Ferguson and Law Enforcement Around the Web

The Grand Jury Got it Right with Darren Wilson:

That doesn’t mean that many of black America’s concerns about these kinds of incidents aren’t genuine. It doesn’t mean that police departments like the one in Ferguson aren’t a major problem. It only means that this incident should be judged on the evidence, not the politics or the past or what goes on elsewhere.

No person should be shot by authorities for stealing some cigarillos. Too often, cops in this country use excessive force rather than prudently avoid violence. Just the other day, a 12-year-old boy playing with a BB gun was shot dead in Cleveland. We have a need for criminal justice reform and law enforcement reform. After reading through the grand jury testimony in the Wilson case, it’s obvious there are far more egregious cases that deserve the attention.


The Grand Jury Got It Wrong:

There is plenty of room for reasonable doubt as to whether Wilson broke the law when he shot and killed Brown, and there is considerable evidence that he did—surely enough to supply probable cause, the standard for charging someone with a crime. St. Louis County Prosecuting Attorney Robert McCulloch managed to obscure the latter point by staging what amounted to a trial behind closed doors—a trial without a judge or an adversarial process. Assuming the jurors were acting in good faith (and there is no reason to think they weren’t), the only explanation for their decision is that they lost sight of the task at hand and considered the evidence as if they were being asked to convict Wilson rather than approve charges that would have led to a real trial.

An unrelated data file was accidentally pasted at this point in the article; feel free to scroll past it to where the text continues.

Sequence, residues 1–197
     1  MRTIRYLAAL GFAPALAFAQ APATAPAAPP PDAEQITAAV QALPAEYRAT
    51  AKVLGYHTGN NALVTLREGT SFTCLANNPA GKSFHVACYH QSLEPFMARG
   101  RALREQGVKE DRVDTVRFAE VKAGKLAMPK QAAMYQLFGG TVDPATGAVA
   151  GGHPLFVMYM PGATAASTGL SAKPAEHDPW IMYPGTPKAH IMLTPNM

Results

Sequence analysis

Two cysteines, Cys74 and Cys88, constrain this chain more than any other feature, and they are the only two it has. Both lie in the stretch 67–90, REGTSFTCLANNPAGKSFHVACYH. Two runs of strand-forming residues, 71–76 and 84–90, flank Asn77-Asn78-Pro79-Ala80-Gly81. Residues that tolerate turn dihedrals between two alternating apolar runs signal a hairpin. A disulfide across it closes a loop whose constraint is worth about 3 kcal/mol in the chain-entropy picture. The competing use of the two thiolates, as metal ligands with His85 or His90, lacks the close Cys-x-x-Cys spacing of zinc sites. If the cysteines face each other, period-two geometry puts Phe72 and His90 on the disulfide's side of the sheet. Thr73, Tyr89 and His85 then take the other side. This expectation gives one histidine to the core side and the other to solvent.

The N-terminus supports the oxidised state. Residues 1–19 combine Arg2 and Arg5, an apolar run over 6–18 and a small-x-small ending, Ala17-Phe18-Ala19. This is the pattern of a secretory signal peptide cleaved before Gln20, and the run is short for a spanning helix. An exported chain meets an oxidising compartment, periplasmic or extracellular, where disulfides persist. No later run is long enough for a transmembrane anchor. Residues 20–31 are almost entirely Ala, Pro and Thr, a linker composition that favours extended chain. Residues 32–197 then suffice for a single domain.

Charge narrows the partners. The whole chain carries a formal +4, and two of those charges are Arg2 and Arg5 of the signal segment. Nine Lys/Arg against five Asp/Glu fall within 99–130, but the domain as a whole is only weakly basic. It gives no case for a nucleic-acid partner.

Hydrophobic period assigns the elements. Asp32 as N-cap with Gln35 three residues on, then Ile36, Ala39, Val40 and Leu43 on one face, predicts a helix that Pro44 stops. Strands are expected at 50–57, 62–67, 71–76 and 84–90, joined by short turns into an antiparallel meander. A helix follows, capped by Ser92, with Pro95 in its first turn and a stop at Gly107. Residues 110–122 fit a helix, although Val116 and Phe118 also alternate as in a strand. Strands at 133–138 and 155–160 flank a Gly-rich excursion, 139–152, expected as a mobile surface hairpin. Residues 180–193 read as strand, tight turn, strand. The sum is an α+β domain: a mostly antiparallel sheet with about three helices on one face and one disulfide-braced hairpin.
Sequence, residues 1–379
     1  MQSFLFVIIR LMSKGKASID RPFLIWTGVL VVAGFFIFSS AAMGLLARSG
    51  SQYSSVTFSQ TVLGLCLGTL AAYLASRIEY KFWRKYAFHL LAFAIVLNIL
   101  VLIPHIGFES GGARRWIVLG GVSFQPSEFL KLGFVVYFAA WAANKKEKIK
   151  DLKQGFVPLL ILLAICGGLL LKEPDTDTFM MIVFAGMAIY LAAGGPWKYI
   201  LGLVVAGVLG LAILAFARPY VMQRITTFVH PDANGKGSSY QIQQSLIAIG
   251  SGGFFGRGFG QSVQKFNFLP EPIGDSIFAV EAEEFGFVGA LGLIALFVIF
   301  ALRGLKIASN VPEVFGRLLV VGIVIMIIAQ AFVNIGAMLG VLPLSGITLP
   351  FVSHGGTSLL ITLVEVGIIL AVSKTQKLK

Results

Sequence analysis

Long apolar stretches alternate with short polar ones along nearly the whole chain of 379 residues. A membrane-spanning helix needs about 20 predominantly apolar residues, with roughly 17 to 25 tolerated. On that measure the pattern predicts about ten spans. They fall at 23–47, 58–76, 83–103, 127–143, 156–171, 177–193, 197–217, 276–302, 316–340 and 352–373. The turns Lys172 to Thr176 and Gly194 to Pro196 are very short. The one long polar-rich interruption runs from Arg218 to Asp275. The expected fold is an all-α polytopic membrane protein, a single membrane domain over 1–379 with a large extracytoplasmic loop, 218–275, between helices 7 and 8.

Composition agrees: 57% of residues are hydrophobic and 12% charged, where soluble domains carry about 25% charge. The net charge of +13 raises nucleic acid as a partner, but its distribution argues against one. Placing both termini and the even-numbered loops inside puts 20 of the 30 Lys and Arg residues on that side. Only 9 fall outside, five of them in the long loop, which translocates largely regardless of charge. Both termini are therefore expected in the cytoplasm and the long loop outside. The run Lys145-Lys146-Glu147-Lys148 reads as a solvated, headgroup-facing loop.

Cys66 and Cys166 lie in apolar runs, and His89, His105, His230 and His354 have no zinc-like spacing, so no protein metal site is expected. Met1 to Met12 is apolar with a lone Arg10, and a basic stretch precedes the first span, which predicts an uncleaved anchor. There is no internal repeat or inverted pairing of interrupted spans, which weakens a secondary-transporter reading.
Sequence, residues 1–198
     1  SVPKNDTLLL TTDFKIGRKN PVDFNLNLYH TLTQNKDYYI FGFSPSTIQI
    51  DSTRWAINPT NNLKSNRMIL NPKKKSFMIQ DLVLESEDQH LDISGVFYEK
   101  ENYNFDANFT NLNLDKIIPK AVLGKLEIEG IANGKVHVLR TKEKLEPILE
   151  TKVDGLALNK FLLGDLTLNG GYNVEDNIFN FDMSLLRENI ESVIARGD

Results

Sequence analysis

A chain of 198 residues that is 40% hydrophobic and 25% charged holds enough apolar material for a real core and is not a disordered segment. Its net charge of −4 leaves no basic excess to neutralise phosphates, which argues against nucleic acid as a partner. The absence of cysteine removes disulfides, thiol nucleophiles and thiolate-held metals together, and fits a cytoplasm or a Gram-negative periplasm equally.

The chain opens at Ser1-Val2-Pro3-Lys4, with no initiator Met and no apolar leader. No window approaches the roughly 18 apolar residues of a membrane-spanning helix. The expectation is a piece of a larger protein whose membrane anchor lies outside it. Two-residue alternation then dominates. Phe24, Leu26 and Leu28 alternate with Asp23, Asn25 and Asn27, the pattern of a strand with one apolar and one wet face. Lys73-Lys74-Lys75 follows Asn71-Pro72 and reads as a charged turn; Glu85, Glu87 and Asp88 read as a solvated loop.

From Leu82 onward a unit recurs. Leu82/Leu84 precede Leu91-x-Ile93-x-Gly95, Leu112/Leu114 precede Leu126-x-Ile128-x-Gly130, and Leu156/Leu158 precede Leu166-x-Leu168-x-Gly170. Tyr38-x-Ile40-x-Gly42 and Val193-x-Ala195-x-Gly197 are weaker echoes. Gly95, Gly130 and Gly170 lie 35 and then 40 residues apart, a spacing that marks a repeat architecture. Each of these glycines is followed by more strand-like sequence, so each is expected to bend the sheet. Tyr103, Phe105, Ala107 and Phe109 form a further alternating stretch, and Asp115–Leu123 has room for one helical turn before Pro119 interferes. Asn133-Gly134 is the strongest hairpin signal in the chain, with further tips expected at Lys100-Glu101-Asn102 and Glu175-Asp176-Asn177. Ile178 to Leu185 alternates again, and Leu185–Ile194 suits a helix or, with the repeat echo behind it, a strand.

It is not hard to see how the grand jurors could have made that mistake. McCulloch said he would present all of the evidence collected so far—everything a trial jury would see and hear. The jurors convened on 23 days, hearing testimony that takes up nearly 5,000 pages of transcript, not including the various recorded interviews played for them. Instead of making the case for an indictment, as they ordinarily would do, the prosecutors running the show often seemed to be reinforcing Wilson’s defense…


Hands up, don’t shoot was a lie, but:

Officer Wilson began to run through his options, and ruled out his chemical spray because Brown’s hands were in front of his face (rendering the spray unlikely to hit his eyes and work), and the vehicle confines would likely result in Wilson getting the spray into his eyes as well. Wilson’s ASP baton was behind his right hip and trapped against the SUV’s seat, and even if he could deploy it, there wasn’t room to deploy and swing it with any force.  He couldn’t use the flashlight on the passenger seat as an impact weapon either, for the same reason. There simply wasn’t enough room to swing it (p. 213-214).

Wilson decides that his only viable option is his gun…

I thought what we were told was that Brown was the one who managed to pull out the gun.  But it was Wilson- who was still in the car, and had already called back-up.

Wilson finally decides that he has to go for his handgun, the Sig P229 in .40 Smith & Wesson.

Rand Paul blames politicians:

In the search for culpability for the tragedy in Ferguson, I mostly blame politicians. Michael Brown’s death and the suffocation of Eric Garner in New York for selling untaxed cigarettes indicate something is wrong with criminal justice in America. The War on Drugs has created a culture of violence and put police in a nearly impossible situation.

In Ferguson, the precipitating crime was not drugs, but theft. But the War on Drugs has created a tension in some communities that too often results in tragedy. One need only witness the baby in Georgia, who had a concussive grenade explode in her face during a late-night, no-knock drug raid (in which no drugs were found) to understand the feelings of many minorities — the feeling that they are being unfairly targeted.